Riding across the base of the big mountain that sits on the corner, we’ll see Dall Sheep scattered about the face, above us. The ground is knobby, in rolling mini-hills plenty big to hide a Grizzly Bear and her cubs, so we will keep a close watch at all times as we cross the base.
Only an hour out of camp, we’ll tie up our horses and glass the big creek and the surrounding mountain valley from the higher spot, where I can imagine a watch tower would be built in another time.
We’ll look for Grizzly Bears, Black Bears, Dall Sheep, Caribou and wolverine. (The Alaska-Yukon Moose is for the other direction if you are riding with me!) As we sit there, the enormity of the creek will astonish you.
We’ll ride on, off the bench onto Cross Creek, continuing up. Every draw in the valley is another reason to give thanks that you are here. About two hours later we’ll cut out across the creek, heading for an island, long and skinny, sitting on a raised sand bar of the creek. We’ll stop, have a snack or build a tiny campfire, if it is chilly, and heat some water for tea or coffee. We’ll glass the side of the valley we are facing, watching closely for the bears that love the hillsides, berries and ground squirrels.
Now, as we keep riding, the mountain peaks have snowcaps, even glaciers, at their tops and they get more rugged and reach higher and higher. The creek is wide and long and the terrain we will cross changes in a step. As we approach the Cross Creek Glacier, the merrain hills are bigger next to the base of the mountains and we’ll angle our horses to begin climbing and weaving through the boulders that the glacier dropped long ago.
As we reach the last few big willows, I’ll have everyone dismount and tie up our horses. My trainee and I will hobble all the horses and check their ropes and make sure the knots are correct. “Grab your lunches,” I’ll remind everyone, and we’ll stretch-out again, before starting to hike and climb.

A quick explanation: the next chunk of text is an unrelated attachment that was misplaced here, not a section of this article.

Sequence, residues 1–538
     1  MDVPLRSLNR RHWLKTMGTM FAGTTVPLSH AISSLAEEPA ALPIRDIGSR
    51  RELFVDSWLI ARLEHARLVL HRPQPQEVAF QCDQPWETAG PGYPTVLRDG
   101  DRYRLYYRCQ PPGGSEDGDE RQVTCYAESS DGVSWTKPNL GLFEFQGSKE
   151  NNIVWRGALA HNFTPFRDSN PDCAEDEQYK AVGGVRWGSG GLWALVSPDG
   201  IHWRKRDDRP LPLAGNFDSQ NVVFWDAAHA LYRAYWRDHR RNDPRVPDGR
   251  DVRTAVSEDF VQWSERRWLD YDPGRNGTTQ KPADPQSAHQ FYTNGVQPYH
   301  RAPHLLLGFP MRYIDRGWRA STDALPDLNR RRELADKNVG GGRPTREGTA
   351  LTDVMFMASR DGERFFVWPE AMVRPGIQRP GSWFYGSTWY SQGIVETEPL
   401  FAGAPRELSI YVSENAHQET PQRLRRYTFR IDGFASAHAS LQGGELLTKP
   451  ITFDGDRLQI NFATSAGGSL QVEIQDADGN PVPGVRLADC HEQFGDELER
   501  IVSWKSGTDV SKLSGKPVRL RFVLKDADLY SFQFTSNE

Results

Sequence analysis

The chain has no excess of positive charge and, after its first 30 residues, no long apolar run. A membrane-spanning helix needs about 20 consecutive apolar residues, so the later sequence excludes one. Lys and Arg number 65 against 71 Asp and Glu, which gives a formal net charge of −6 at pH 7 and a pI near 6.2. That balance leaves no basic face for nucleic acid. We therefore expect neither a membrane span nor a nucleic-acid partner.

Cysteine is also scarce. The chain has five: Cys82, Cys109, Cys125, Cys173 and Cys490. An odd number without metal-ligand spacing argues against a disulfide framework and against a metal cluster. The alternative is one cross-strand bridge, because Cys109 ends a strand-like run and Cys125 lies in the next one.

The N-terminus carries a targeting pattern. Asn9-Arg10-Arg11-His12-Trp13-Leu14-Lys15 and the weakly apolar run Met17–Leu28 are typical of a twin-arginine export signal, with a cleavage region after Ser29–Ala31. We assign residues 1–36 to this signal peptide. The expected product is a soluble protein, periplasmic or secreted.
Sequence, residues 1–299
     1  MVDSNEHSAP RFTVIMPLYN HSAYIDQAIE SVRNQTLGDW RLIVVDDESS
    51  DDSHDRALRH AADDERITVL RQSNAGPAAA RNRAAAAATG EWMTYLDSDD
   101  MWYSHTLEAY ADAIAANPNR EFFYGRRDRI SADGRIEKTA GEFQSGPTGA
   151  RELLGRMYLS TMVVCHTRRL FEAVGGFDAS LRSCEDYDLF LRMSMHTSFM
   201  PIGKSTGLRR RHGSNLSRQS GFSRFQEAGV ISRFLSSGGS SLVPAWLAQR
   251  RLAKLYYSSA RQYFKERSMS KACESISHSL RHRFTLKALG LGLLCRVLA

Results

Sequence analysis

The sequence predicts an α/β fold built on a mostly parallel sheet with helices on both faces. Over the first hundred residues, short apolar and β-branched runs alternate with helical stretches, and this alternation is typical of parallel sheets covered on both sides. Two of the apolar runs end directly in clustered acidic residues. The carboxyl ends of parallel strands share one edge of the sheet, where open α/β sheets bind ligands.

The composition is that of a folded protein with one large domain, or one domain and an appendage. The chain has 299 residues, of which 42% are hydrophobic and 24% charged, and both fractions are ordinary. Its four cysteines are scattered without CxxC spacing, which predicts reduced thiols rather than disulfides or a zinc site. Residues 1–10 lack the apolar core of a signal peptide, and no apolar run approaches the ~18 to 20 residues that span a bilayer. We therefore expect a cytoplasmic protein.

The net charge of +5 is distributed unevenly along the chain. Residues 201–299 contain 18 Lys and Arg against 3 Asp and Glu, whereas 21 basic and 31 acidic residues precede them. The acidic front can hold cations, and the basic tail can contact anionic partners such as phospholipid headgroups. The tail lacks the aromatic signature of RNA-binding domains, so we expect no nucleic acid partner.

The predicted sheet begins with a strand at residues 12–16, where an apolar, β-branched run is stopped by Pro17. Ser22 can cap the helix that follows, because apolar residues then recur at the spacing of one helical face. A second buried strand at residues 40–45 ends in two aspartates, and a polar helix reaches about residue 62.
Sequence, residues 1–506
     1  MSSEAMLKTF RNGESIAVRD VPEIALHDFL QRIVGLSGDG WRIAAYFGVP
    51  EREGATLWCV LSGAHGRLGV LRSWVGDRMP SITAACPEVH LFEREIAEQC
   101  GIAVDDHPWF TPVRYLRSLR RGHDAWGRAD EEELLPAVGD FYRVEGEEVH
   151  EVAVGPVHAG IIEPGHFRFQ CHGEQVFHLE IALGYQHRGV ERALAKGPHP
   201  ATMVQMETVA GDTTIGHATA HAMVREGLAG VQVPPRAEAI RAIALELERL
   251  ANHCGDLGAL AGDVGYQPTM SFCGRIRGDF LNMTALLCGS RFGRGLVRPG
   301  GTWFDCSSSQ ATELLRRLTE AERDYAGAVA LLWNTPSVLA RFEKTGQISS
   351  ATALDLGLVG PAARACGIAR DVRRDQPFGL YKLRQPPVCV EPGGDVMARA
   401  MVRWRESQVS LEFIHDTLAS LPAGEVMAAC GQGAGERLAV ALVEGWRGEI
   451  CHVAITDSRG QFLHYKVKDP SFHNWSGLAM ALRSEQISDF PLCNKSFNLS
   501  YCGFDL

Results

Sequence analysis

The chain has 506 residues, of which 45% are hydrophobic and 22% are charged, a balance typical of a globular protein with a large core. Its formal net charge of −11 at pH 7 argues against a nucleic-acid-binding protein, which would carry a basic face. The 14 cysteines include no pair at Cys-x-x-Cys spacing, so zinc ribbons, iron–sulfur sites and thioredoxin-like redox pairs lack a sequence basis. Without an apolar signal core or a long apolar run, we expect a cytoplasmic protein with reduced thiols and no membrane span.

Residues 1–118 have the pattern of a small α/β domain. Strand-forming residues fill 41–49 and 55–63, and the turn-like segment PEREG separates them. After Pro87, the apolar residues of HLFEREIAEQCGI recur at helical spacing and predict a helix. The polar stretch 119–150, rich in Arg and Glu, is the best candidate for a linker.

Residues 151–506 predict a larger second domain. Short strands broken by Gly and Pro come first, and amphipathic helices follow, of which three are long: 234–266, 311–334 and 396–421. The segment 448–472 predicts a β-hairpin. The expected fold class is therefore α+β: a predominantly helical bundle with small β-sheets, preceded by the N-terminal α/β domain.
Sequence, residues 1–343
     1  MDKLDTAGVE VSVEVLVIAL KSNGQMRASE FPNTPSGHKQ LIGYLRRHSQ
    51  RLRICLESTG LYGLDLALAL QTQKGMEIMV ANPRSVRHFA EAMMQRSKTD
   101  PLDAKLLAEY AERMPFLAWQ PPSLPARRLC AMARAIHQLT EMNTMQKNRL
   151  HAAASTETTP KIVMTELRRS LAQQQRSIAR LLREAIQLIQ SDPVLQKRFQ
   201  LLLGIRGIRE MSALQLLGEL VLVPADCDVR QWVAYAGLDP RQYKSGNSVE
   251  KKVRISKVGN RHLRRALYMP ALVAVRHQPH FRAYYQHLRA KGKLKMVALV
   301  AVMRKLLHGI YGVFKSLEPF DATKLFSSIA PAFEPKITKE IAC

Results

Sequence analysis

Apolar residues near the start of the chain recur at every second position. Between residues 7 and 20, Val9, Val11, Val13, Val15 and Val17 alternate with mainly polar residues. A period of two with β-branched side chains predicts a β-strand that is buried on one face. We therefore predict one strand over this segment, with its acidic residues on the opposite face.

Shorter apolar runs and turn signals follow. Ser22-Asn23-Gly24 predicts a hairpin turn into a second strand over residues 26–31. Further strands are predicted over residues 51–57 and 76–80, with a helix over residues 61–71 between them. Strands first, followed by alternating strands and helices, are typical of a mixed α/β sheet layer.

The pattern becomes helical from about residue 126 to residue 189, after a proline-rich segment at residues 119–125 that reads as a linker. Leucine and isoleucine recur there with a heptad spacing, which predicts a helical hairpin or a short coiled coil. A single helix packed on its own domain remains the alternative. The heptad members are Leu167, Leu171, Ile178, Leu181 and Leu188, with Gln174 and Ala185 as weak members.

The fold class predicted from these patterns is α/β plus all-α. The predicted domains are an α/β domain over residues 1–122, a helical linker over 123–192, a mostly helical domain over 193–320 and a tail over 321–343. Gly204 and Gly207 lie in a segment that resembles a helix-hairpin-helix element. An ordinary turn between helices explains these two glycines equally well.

Backpacks on and we’ll start the climb, heading towards one of the prettiest places I have found in all the years I have spent exploring Cross Creek. The moss and grasses are close to the ground and make for easy walking, although we are climbing a whole lot faster than it seems to the eye. The long past movement and recession of the glacier has left a natural staircase for us to follow and we’ll wind our way around and to the top of the last merrain hill, where we’ll rest and have our lunch.
As we find comfortable spots to sit back against the rise of the hill, looking around, it is spectacular. The shale slides on one side of the glacier are dark charcoal grey, marred only by the occasional boulder imbedded into the side of the mountain. It makes for a dramatic backdrop for the playful lambs running back and forth and the older younglings practicing their mock fights.
The creek itself is beneath us, pouring out of the glacier with a muted roar. The willow bar, on the other side of the headwaters of Cross Creek is a big one and I like to watch for movement. It is a favorite spot of the critters up here, and you never know what you might spot. We’ll maybe walk out further and climb the side of the mighty glacier to do some exploring up there where the clouds are so close.
We’ll hike back down to where the horses are tied and hobbled and get packed back up and on the way around the last of the merrain hills, we can explore up that draw and see what is behind the imposing ridge we watched the lambs play on.
As we make our way back down the creek, we very well may see more Grizzlies, Mountain Caribou, Dall Sheep of course and maybe a wolverine or Timber wolves. One of the most wonderful things about this creek is that there is so much to see. Each time going up, each time coming down, each individual draw, the magic of the wilderness inspires me, without fail.
More than likely, we will arrive back into our camp just before dark and the pack horses that stayed behind will nicker in welcome as we ride down the trail. The campfire that we can see from the hitching rails and through the trees is beckoning and the scents of dinner already cooking tells me the boss flew in to share the evening with us.
As I throw another log on the campfire, I wonder to myself, “What will we see and do tomorrow?” and I simply grin to myself.